The debate regarding the effectiveness of online law schools versus traditional classroom settings continues to be a topic of discussion among students and professionals alike.


As a third-year law student with two years of classroom experience, I am inclined to believe that in-person interactions with both professors and peers are fundamental to legal education and practical training.

My personal experience with online classes during my undergraduate studies was not very productive.


Analyzing British Literature alone was not an effective way to learn the subject matter, and I do not believe that studying law in isolation would be any different.

In this regard, I have listed below some of the advantages and disadvantages of learning law online to provide a comprehensive overview of the situation.



  • More flexibility

The average student at Abraham Lincoln University School of Law in Los Angeles is 45 years old and is employed.

As the degree is completed online and takes four years, students have the flexibility to pace their studies around their life schedules.

  • Cost

Abraham Lincoln University charges its students an annual fee of $7,500, which includes fees and materials.

On the other hand, students enrolling in the online program at Concord Law School pay only $9,250 per year, which amounts to $38,000 for a four-year law degree.

This makes it more affordable than attending many private schools, where the cost of a single year can exceed this amount.



  • No accreditation

Currently, the American Bar Association is not granting accreditation to any online J.D. programs, which means that students who complete such programs may be unable to sit for the Bar Exam in certain states. It seems that the ABA has no plans to grant accreditation to these schools in the future.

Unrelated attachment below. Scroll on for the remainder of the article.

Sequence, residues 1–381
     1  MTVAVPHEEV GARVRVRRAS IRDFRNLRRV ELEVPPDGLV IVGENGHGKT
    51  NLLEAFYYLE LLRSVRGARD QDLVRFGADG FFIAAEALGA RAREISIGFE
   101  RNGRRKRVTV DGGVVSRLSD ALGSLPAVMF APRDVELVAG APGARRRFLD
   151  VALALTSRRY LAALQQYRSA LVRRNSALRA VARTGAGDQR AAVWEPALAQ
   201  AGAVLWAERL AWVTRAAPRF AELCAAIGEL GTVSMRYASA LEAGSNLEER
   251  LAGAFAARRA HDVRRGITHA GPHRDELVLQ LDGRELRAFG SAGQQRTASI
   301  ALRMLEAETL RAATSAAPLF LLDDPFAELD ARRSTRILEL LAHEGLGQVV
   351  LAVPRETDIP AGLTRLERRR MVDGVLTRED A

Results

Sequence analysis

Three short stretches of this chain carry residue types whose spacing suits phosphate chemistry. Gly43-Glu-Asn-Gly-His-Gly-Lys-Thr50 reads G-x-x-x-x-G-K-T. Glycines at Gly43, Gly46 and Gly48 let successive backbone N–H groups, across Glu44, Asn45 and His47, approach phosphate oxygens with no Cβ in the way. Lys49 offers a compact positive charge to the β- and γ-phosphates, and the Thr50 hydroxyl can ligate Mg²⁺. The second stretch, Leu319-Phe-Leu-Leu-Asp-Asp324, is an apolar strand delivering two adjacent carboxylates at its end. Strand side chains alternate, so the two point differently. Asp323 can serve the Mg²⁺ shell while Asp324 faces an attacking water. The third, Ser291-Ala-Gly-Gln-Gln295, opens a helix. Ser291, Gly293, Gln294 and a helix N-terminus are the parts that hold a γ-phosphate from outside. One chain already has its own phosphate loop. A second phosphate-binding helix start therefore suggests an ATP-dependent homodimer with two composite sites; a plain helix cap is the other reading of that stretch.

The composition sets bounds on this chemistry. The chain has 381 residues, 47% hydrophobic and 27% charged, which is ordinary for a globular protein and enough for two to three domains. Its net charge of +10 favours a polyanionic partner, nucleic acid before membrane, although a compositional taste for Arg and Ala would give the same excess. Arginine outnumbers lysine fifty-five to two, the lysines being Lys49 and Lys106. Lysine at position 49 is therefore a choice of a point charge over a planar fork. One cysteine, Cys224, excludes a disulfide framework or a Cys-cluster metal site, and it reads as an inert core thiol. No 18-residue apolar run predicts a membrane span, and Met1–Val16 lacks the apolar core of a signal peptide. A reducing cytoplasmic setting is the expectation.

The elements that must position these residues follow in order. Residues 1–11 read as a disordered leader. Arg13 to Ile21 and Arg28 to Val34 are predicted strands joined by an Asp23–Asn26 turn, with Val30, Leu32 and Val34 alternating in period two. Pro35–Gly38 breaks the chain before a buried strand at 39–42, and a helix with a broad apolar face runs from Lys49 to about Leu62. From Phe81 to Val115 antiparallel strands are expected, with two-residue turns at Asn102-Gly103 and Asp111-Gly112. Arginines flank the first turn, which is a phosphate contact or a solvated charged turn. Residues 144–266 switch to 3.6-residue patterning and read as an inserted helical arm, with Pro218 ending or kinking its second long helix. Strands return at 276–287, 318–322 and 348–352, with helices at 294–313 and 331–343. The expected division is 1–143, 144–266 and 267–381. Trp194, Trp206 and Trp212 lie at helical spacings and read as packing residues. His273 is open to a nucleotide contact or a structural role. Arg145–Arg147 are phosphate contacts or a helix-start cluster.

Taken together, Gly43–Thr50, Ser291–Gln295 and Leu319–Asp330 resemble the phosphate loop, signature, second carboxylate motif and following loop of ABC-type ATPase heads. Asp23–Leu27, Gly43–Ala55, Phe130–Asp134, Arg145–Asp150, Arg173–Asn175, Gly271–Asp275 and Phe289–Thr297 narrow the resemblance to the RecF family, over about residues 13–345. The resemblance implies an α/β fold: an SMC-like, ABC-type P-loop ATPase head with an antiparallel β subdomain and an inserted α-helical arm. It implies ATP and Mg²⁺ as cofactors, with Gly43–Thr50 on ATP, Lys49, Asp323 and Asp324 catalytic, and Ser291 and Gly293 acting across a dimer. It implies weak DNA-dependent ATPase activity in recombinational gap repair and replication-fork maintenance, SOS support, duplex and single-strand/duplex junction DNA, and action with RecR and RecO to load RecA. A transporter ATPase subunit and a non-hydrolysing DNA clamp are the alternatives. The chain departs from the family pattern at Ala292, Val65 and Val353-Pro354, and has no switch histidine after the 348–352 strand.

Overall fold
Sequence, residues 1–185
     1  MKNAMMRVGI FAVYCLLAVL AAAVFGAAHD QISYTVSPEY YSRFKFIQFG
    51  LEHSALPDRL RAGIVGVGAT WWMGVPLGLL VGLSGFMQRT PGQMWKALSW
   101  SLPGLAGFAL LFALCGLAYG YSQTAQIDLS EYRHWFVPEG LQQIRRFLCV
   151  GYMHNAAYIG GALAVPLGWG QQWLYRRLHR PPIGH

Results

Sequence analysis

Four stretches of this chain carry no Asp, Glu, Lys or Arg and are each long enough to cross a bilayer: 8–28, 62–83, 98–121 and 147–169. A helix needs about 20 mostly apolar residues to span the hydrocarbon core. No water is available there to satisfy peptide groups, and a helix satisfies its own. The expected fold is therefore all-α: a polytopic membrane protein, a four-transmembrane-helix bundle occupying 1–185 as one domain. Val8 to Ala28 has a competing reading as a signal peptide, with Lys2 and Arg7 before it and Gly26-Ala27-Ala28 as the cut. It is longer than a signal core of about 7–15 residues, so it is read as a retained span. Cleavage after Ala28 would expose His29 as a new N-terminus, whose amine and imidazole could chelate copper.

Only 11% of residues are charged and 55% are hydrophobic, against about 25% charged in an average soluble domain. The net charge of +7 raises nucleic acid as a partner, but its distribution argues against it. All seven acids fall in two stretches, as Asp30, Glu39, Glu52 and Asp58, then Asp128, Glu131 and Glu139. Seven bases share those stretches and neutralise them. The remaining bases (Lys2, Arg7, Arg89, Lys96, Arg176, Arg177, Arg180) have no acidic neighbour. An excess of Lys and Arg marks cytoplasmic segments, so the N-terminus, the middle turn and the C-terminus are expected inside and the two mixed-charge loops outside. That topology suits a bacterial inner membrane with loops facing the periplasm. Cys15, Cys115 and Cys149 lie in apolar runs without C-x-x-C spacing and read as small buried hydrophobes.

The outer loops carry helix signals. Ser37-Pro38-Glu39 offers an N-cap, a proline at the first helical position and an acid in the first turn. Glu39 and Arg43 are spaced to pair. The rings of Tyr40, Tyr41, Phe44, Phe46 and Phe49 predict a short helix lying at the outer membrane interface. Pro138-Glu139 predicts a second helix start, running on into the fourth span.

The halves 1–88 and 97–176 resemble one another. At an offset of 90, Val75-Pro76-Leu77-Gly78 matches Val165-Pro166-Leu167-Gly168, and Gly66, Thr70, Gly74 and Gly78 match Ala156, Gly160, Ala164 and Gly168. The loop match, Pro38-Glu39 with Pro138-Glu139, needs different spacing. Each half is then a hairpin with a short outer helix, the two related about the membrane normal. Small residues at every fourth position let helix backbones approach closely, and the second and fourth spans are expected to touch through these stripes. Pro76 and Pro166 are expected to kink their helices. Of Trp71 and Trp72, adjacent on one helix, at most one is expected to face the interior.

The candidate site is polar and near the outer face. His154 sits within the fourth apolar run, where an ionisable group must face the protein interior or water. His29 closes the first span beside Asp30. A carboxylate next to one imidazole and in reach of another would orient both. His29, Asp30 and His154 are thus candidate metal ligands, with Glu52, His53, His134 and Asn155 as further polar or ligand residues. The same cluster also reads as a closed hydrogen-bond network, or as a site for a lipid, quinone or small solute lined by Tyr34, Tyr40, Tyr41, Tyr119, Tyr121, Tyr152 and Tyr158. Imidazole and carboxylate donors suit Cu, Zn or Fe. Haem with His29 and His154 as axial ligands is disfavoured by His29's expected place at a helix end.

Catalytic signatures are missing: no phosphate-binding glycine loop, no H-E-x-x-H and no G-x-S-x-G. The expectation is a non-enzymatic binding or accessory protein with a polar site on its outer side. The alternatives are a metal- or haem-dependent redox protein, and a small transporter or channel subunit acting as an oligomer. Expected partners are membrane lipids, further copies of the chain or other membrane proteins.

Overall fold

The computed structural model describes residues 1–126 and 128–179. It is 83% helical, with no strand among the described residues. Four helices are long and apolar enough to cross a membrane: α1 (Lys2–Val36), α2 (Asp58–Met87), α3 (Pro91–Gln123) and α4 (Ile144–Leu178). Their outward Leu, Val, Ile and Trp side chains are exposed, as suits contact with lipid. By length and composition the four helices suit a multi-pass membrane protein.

• No “fear factor”

When I was asked to explain the Statute of Frauds in contracts, I felt unwell. However, it motivated me to read and take notes since I didn’t want to be called on in class and not know the answer.

If I had only been accountable through a screen or on my honor, I wouldn’t have taken my studies as seriously.

Many online law students have to sit for the “Baby Bar” to measure their first-year knowledge of the law, but I believe that the online system encourages procrastination, especially for those who are busy with jobs and families.

  • No practical experience

Is there an online legal clinic that helps virtual clients with Alternative Dispute Resolution and Negotiations over the Internet? The practice of law involves sitting with clients face-to-face and helping them resolve their issues.

If law students don’t get the opportunity to do this, how will they fare as lawyers? It’s better to make mistakes in a classroom rather than taking a first shot at mediation with real paying clients.

If someone wants to acquire a J.D. degree to gain knowledge of the law, then online coursework might be a good option.

However, for those who aspire to become lawyers and practice law, attending a traditional law school, interacting with professors and students, and building practical skills would serve them better.